This week was the last episode of the BBC drama "The Hour". I do not watch TV very often, and I choose the programmes I want to watch very carefully. There have been excellent dramas this year (Any Human Heart, Christopher and his kind, South Riding, The Night Watch and the wonderful, wonderful The Crimson Petal and The White and dare I add the fluffy, easy on the eye Downton Abbey?), some with excellent reviews and some with less good ones. What these programmes have in common is that they shine like stars among the idiotic, tacky, grotesque, simplistic audience-grabbing miasma that invades our screens every day.
I don't really care about reviews because much as for everything else in my life, I do not follow trends and other people's opinions and prefer to follow my instincts.
And my instinct told me right from the start that I was going to love The Hour, which I dully did. I absolutely loved it.
I am not going to write a long review or anwer point by point the criticism The Hour has received. Nobody seems to have really liked it, apart from some female bloggers who liked the outfits and fancied Dominic West's Hector. *sigh*
I found the dialogues witty and snappy, I loved the attention given to the props, atmosphere and clothes, but most of all, I loved the characters and found the story quite gripping. I was reminded of the time when I was a concerned teenager and I was desperate to become a journalist (I don't often go back to the times I was a teenager, believe me...). The type of journalist I wanted to be would have been Bel, Lix and Freddie all rolled into one.
Yes, there might have been a lot of anachronisms, but what do I know? and anyway, I was too taken in the story to notice them.
The thing about the language not being "of the time", for example. Do we ask every costume drama, be it Medieval, Elizabethan or Victorian, to be exactly accurate about the language used by the character? Something tells me that we wouldn't understand much of the dialogues, then. Artistic license it is.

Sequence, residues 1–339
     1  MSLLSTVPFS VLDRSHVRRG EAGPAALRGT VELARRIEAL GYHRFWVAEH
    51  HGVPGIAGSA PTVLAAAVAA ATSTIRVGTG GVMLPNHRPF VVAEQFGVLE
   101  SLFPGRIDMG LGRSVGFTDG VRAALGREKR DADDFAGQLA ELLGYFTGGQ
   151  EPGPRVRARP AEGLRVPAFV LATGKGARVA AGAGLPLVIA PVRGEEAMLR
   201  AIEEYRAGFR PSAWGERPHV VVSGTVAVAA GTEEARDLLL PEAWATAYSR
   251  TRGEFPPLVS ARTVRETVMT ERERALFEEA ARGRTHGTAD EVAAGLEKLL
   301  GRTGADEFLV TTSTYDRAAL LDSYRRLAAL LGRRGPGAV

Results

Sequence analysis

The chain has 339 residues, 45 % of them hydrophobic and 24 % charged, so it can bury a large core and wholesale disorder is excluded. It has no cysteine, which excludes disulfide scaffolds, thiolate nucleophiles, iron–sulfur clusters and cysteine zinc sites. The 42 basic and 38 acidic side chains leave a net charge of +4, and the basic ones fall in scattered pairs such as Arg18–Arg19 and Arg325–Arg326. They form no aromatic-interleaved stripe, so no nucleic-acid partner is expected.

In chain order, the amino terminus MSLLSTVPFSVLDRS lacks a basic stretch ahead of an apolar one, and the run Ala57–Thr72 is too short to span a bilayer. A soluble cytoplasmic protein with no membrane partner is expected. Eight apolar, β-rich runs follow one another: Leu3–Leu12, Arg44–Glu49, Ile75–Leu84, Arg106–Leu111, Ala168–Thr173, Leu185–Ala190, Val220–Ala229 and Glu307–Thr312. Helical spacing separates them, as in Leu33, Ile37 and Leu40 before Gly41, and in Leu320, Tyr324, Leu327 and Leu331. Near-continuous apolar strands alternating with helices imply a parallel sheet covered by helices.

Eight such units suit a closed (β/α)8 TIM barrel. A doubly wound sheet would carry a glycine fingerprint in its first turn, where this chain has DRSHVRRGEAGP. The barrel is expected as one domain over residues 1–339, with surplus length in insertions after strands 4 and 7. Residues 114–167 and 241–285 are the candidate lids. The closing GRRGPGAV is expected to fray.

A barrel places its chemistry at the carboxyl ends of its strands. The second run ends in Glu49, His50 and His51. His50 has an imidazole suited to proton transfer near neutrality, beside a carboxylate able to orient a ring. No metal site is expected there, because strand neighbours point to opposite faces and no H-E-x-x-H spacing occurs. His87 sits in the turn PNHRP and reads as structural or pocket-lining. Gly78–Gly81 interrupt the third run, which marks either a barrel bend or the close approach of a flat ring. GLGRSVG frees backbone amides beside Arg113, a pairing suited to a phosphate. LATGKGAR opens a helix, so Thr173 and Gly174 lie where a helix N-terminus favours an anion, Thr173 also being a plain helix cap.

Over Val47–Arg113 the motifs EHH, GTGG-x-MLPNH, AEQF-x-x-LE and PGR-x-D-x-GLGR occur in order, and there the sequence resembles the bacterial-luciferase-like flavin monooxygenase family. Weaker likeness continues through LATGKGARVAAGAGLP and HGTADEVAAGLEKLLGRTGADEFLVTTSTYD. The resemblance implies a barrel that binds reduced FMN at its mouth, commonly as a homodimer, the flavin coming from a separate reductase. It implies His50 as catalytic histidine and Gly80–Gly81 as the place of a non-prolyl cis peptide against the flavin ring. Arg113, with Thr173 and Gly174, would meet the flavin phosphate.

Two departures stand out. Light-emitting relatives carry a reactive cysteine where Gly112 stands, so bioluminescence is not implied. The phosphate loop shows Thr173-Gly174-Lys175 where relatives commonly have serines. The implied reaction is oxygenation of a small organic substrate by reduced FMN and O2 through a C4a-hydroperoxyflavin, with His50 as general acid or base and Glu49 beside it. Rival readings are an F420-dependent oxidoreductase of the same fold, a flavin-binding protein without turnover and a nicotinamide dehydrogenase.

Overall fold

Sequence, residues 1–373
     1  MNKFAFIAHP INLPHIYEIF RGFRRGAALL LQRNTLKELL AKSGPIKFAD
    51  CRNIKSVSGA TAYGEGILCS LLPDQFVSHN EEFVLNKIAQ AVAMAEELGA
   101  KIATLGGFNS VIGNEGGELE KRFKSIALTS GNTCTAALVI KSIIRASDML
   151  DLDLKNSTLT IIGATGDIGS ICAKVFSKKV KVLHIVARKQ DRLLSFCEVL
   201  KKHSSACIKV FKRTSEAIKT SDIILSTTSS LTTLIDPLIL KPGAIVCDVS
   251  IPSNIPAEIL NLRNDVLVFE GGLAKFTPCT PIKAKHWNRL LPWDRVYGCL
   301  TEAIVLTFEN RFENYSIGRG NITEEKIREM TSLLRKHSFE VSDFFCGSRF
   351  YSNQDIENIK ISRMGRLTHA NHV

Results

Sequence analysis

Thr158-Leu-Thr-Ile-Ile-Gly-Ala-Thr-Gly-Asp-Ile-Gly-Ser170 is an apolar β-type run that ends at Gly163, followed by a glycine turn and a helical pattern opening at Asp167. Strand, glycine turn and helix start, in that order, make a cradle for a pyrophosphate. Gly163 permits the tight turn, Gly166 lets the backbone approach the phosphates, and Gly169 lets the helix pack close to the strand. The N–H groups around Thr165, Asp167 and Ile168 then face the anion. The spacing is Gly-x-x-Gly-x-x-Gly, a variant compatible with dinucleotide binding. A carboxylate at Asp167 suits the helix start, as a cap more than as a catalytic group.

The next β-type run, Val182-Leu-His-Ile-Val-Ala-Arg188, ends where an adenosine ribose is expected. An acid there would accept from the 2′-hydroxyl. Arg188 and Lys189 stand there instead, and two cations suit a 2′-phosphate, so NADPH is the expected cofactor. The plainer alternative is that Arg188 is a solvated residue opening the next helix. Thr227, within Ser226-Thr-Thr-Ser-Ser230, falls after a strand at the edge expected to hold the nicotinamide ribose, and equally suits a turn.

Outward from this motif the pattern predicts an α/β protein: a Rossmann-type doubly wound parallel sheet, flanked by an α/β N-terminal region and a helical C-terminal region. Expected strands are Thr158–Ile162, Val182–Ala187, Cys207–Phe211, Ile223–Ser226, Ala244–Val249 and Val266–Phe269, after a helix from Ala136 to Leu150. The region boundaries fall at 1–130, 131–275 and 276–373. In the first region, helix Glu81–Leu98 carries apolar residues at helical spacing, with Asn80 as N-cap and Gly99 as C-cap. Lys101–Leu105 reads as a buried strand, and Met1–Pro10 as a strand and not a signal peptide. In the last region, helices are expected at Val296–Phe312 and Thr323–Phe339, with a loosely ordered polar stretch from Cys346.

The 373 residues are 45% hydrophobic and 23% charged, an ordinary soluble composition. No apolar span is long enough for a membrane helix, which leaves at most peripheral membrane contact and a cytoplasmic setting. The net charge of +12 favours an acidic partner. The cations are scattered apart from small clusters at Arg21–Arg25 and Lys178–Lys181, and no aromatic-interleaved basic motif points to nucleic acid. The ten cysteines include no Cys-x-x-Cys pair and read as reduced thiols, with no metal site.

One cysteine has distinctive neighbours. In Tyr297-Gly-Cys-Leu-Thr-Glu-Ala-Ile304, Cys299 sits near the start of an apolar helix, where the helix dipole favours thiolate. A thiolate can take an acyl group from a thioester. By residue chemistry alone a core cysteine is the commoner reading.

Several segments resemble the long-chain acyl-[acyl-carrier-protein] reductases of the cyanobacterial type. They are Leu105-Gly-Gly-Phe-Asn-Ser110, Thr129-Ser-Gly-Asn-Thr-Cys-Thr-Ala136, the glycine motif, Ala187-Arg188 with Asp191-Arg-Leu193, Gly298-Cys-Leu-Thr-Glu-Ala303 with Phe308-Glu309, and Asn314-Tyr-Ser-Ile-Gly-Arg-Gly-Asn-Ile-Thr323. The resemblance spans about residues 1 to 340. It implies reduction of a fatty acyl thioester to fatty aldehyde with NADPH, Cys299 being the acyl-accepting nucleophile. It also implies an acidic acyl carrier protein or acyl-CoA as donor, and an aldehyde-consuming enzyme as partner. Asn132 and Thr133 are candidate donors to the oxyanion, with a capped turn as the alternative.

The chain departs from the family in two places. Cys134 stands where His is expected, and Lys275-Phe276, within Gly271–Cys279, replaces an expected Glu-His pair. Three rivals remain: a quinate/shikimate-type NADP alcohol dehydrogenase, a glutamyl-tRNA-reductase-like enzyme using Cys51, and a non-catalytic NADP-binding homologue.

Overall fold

I was very impressed by the actors too. Romola Garai is fast becoming one of my favourite actresses - with Anna Maxwell Martin - and I was very impressed with the wonderful Anna Chancellor... What a woman!
I also adored Freddie. Ben Wishaw gave his character an incredibly realistic obsession and a touching mix of strength and vulnerability, arrogance and self-doubt. Isn't he an incredible actor? While all the females were swooning over the slimy, quite repulsive Hector, I was thinking that Freddie was actually the most attractive male character - both physically and intellectually - of the cast. Freddie is a terrific guy.
People have said they stopped watching after the first or second episode because it was "boring". No. It is actually what all dramas should be: slow burning, with enough time to develop the characters and situation. It was a joy to watch something that took its time. People nowadays have got a short attention span and need immediate gratification. People cannot cope anymore with a good story, good characters, good dialogues. Take the original Brideshead Revisited. It was as good as it was because it did take time to develop the characters and the story and pick up on everyone's little inner dramas and fears and foibles (and hopes, sometimes!).
And no, I've never watched Mad Men (as everyone has been saying that The Hour was the BBC's version of the US hit and never ending comparisons have been filling in column inches) and therefore I couldn't compare, but I have the sneaky feeling that it wouldn't have been that clever, and would have been much more shallow.
Yes, I loved The Hour, and I might not be cool but so be it!
I think therefore I write.
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